I pursued other avenues of writing that were potentially more lucrative, and usually judged marginally sane activities. They turned out to be not terribly lucrative and certainly not consistently so. Given a choice of writing grants for free or a play for no good reason, the latter has definite attractions.
Anyway, it's August. That enters in another way as well. I happened to see a call for plays by a theatre in Michigan---a contest really---with a specific subject in mind, having to do with evolution and ancestral voices. The deadline for full length plays is August 31.
The subject happens to be one that comes up often in research and writing I've been doing for other marginally insane projects. It's something I think about, and something several people I've become particularly interested in thought about. What I hadn't thought about before was putting a particular two of them together. When I had this thought, I had the idea for a play.
The premise of this play is a conversation between H.G. Wells and Carl Jung. Those are two of the three main elements. The third is an American Indian point of view. I've been reading about Jung and Wells separately, but I did note that they had met. There wasn't much obvious information about it, but a fictional meeting between them had great possibilities.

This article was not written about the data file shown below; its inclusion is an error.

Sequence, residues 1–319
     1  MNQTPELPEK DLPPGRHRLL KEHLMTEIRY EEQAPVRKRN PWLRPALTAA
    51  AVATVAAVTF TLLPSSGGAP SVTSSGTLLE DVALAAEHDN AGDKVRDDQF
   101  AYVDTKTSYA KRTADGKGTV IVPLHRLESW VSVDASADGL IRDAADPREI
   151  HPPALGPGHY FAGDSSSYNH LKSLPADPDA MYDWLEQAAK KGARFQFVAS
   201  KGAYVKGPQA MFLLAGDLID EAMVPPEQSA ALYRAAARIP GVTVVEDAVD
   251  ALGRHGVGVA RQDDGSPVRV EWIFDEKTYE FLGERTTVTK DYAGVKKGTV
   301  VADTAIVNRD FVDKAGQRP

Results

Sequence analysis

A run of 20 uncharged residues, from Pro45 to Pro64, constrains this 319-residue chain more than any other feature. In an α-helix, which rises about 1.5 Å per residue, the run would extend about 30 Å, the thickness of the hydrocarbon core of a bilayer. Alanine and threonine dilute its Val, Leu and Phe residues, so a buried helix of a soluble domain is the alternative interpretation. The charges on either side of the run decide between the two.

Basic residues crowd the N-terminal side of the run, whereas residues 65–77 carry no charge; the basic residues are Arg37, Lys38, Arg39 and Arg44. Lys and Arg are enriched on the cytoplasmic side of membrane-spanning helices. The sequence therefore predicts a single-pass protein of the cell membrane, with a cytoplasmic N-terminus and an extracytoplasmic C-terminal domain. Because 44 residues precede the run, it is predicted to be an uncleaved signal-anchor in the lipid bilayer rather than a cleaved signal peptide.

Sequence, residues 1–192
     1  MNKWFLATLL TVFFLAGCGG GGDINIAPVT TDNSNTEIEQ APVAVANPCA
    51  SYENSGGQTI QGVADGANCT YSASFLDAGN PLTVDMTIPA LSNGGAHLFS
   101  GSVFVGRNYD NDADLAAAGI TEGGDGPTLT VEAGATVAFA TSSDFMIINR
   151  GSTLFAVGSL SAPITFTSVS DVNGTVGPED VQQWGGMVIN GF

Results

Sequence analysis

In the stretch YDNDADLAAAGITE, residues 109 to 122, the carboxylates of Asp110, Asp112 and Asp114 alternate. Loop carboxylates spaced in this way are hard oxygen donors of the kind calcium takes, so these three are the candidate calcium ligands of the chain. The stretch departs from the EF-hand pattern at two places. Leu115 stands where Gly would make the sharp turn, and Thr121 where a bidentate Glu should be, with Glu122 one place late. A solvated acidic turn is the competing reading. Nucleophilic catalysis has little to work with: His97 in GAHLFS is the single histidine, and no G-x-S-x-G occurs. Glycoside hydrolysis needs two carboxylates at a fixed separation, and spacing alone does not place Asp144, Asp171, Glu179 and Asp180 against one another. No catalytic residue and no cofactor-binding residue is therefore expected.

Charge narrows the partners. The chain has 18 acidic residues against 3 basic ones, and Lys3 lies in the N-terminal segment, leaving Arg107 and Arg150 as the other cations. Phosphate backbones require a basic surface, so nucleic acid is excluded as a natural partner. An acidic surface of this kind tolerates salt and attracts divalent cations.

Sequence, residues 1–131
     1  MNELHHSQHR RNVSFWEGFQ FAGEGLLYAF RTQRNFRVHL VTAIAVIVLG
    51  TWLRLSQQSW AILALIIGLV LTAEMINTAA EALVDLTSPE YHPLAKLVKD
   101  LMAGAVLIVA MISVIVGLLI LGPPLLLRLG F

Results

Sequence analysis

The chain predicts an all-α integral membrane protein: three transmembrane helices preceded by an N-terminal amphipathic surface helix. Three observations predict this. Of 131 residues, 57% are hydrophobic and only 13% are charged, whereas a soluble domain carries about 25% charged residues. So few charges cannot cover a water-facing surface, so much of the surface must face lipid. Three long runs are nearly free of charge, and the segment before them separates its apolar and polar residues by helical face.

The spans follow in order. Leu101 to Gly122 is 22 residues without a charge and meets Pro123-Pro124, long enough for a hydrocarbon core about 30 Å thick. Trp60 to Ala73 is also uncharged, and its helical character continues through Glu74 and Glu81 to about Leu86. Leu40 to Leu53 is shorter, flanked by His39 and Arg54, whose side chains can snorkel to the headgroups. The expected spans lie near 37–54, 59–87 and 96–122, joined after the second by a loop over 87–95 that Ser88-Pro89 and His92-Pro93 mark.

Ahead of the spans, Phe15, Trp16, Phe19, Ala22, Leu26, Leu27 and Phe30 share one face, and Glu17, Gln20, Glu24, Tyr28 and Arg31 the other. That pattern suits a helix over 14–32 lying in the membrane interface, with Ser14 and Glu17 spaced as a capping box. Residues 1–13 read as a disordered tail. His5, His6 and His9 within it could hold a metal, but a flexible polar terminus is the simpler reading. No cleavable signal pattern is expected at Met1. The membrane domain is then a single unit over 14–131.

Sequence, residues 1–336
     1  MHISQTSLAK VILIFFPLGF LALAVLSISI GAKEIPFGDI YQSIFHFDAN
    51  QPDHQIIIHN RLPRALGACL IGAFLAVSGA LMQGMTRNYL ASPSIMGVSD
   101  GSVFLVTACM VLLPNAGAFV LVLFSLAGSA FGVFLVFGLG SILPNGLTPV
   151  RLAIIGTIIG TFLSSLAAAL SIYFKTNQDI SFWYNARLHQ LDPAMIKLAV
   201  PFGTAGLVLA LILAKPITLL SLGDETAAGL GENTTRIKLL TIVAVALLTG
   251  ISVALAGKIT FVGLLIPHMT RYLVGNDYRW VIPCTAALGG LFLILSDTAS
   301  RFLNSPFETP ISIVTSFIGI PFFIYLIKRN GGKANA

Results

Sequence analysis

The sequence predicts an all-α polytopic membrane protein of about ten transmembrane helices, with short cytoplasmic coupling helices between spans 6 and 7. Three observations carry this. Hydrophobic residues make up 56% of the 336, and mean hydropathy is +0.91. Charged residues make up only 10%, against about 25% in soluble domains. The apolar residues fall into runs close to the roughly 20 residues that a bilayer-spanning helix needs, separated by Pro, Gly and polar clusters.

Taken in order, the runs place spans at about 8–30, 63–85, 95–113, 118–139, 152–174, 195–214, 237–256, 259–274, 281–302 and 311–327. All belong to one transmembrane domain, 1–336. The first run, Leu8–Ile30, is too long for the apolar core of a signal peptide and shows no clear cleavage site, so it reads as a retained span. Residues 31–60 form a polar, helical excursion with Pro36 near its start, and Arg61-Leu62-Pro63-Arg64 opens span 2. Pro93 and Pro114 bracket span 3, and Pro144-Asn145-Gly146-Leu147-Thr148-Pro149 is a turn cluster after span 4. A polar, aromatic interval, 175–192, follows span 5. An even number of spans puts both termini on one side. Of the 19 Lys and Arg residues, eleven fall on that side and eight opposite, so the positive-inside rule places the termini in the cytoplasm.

So that's what I'm doing, writing this play. I've got about three weeks to finish it, get it into binders, send it off. This includes a week in which life around here will get chaotic, as we must move everything out of several rooms, move ourselves out of the house for several days, then move everything back. Floors are being finished, with nasty chemicals. Enforced vacation time.
Besides circumstances and fallout from my "creative" moods, I fight off the doubts: about the sanity of attempting this, and the half dozen very good reasons I can give you for why my play doesn't stand a chance in this competition. However, I am currently gripped by the delusion that I'm pretty good at this. It feels good. I seem to know what I'm doing, building a bridge twixt conscious and unconscious. This makes a bit of sense, since I have continued to think about and read about dramatic construction, and in fact constructing drama and narrative is part of everything I write. Even grant proposals. Emotionally it also makes some sense, as in preparing my old magazine article about the O'Neill playwrights (see http://kowincidence.blogspot.com) I realized how rapturous my memories were of that experience.